Sergeant Patrick Duffy (1786........1828.)

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  • Born : 1786
  • Where Born : parish of Caldry in the town of Sligo, county Sligo Ireland
  • Occupation : Soldier / Labourer
  • Date Arrived : 1828
  • Ship Arrived on : Arab
  • Port Arrived :
  • Rank on Discharge : Private
  • Date of Army Enlistment : September 1805
  • Where Enlisted Army : Sligo
  • Regimental # :
  • Transferred , 57th, regiment
  • Date Discharged Army : 6 November 1828
  • Comments Regarding Army Discharge :
  • Where Discharged :
  • Died : 11th April 1854
  • Where Died / Buried :
  • Parents Names :
  • Spouse's Name : Bridget Connely
  • Date Married : around 1809
  • Where Married :
  • Spouse's Parents :
  • Born : circa 1787,
  • Where Born :
  • Occupation :
  • Date Arrived :
  • Ship Arrived on :
  • Died : 18th February 1854
  • Where Died / Buried
    The article written by David L Duffy ( I cannot find him on that email address) cites the Arab as the ship they came to Australia on, The Arab did call at Hobart.  Patrick in the 1828 census said they came on the Eliza, I have checked the shipping records for Tasmania for 1822/23 and the Eliza never docked in Hobart.  The Eliza arrived in Sydney on 22 Nov 1822 and had left England 5 August.  Both the arab and Eliza had Buffs.  Patrick did go to Hobart, I presume on the Prince Regent in Sept 1824 and left Hobart on  the Elizabeth in August 1825.  Patrick Michael was christened at the Catholic church there on 20 Feb 1825
    Patrick did join the police force in 1828 but in 1830 was dismissed for 'repeated drunkeness'  The article states he remained in the police force until 1840. so this cannot be true.

    I have additional birthdates, marriage and death dates for Patricks children including a Catherine born 1827  who is not listed

  • Descendants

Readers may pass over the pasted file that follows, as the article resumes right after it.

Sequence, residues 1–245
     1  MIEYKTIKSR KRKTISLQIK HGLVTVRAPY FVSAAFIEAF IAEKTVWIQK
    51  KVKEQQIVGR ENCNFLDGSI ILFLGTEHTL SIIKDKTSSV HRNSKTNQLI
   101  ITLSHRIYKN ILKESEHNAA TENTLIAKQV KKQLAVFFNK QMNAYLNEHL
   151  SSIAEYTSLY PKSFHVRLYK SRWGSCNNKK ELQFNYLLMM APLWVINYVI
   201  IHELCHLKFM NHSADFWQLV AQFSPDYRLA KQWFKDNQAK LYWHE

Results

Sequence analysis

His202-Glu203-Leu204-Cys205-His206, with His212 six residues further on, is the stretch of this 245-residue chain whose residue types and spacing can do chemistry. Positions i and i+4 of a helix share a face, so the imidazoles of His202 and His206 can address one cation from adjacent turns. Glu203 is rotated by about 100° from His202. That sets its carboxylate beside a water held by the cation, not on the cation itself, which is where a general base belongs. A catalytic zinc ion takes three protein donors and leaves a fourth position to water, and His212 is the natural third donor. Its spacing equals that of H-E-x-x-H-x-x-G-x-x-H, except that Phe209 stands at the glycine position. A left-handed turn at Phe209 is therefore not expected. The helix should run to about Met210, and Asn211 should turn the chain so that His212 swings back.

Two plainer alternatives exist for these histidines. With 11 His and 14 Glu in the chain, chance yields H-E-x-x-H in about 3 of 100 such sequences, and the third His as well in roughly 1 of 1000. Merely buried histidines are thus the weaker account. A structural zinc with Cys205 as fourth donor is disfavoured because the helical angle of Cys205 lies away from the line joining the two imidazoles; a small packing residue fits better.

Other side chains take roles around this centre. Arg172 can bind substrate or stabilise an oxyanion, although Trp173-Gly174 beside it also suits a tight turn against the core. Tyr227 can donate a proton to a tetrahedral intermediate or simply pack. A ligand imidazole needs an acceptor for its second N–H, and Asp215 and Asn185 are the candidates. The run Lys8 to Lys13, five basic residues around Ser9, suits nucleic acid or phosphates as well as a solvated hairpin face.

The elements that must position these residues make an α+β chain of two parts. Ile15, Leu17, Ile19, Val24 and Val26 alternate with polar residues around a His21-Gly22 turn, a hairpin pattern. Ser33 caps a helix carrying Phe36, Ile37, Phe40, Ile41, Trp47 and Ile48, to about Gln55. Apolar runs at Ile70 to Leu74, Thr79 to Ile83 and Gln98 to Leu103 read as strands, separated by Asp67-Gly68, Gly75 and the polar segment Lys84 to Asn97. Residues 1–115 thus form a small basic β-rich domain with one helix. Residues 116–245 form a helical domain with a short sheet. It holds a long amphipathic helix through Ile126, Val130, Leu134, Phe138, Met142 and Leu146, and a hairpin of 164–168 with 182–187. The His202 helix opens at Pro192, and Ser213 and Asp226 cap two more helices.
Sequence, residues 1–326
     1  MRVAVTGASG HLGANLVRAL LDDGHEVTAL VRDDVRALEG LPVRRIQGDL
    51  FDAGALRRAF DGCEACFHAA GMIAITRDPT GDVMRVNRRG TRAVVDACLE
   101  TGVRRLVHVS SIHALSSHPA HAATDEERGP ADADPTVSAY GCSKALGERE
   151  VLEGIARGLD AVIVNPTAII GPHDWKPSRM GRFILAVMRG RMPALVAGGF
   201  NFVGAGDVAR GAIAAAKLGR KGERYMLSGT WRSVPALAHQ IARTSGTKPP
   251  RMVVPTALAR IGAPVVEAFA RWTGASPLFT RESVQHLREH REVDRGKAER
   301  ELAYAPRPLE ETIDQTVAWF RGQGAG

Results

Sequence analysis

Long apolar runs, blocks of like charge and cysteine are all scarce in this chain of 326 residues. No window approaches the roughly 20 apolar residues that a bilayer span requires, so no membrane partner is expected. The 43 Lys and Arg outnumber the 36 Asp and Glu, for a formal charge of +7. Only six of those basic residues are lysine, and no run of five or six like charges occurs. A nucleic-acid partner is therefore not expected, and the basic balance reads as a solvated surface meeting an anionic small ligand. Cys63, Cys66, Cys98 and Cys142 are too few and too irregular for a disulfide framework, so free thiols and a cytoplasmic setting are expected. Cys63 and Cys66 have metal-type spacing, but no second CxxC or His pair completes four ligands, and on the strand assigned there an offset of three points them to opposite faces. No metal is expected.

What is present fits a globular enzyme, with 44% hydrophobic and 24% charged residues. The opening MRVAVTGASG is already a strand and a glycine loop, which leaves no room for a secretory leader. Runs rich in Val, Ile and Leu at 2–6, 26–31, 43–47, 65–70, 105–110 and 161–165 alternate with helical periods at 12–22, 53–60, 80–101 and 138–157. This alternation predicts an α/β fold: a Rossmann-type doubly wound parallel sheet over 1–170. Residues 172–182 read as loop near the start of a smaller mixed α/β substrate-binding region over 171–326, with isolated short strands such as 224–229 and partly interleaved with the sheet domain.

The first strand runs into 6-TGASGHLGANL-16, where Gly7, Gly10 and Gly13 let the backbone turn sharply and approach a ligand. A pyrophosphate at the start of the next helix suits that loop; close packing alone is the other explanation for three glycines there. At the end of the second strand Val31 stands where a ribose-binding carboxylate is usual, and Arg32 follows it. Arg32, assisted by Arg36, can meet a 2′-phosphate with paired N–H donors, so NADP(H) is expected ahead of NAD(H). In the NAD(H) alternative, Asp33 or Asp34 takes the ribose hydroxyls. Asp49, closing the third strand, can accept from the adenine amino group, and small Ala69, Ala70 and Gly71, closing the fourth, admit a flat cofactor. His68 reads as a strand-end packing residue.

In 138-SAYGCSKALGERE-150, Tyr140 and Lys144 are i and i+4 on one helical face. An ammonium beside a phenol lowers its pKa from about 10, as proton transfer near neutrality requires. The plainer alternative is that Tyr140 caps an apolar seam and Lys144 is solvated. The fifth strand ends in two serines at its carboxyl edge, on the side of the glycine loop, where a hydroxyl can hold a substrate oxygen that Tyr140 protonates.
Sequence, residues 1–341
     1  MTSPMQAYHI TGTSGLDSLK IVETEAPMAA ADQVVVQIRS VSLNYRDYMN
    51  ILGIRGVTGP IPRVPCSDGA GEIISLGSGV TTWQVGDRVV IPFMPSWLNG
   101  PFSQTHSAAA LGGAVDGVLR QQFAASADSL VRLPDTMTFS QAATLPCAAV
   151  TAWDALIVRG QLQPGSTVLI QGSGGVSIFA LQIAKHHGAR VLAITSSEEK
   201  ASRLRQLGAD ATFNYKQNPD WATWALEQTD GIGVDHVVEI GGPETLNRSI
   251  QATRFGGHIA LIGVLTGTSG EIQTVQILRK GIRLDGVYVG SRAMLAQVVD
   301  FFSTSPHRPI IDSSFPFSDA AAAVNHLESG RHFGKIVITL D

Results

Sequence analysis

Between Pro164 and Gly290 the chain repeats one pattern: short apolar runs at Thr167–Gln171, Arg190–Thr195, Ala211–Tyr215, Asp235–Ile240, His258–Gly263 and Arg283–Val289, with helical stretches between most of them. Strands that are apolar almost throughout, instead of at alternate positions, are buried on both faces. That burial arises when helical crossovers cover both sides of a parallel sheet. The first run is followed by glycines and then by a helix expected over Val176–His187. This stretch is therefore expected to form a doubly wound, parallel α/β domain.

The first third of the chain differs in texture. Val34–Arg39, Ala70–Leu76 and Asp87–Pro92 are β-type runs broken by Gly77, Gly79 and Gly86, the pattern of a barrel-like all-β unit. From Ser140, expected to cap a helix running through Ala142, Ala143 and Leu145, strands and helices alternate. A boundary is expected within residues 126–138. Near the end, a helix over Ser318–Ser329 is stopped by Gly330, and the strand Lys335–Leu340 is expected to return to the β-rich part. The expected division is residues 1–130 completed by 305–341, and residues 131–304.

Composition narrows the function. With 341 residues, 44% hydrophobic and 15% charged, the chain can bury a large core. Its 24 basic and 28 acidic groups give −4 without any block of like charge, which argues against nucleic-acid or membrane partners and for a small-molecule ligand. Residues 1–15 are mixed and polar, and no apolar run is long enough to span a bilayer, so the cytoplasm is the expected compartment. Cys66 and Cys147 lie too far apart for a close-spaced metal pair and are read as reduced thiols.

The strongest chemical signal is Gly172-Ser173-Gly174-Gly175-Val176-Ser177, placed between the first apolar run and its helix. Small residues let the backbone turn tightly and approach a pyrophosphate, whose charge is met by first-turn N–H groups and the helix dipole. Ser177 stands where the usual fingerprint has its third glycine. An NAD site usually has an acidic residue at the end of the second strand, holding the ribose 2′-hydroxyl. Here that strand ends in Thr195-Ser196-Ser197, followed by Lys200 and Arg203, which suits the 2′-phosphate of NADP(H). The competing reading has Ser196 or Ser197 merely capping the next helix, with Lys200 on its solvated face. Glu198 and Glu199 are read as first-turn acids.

Samantha Kitchen samantha@wordswithbite.com
    david duffy mailto: daveduffy@bigpond.com
    Area Settled :
    Children :
    William Born 1811assumedly in Ireland or Spain
    Peter Joseph Born 1814 possibly in Canada
    John Francis Born 1817 Ireland or France
    Ester Born 1823 the first born in Australia
    Patrick Michael Born 1824 in Hobart-town Australia Patrick, who was christened in the Roman Catholic Church in Hobart in February 1825.
    Elizabeth Born 1830 possibly in Thornleigh N.S.W.
    Mary Anne Born 1830 Possibly in Thornleigh
    History & Achievements :

    - By David L Duffy.

    The first member of our Duffy family to come to Australia was one Patrick Duffy, who was born in 1786 in
    the parish of Caldry in the town of Sligo, county Sligo which lays in the western part of Ireland
    Little is known of his early life but we do know that at age nineteen, he left his employ as a Laborer and
    enlisted into the Third Regiment of Foot (known as the Buffs) of the British Army. This was at Sligo in September 1805. Army records from that day on can give us very detailed information of his life and movements. These details are very ably covered in the book “A Tree From The Old Man’s Valley” by Doris A Davison (National Library of Australia ISBN 0 9594706 0 3) The second part of that book is titled “The Duffy Family”, compiled by Erla Duffy from information gathered by Arthur John Duffy, a grandson of Patrick and Bridget.
    Patrick was a professional soldier having enlisted for unlimited service i.e. he joined for life, and a very full
    fighting life he had. His first action was on the Portuguese Island of Madeirain December 1807. The French was then invading Portugal and the British did not want Madeira to fall into French hands. After eight months in Madeira under General Beresford, Patrick’s Regiment, the 1/3 regiment, left the island and was sent to Lisbon. Here they occupied the forts defending the harbour and later, joined Sir John Moore’s Army in Spain and took part in the famous retreat to Corunna. Around this time, 1809.Private Duffy was promoted to Corporal with the resultant pay rise from six pence to ten pence a day.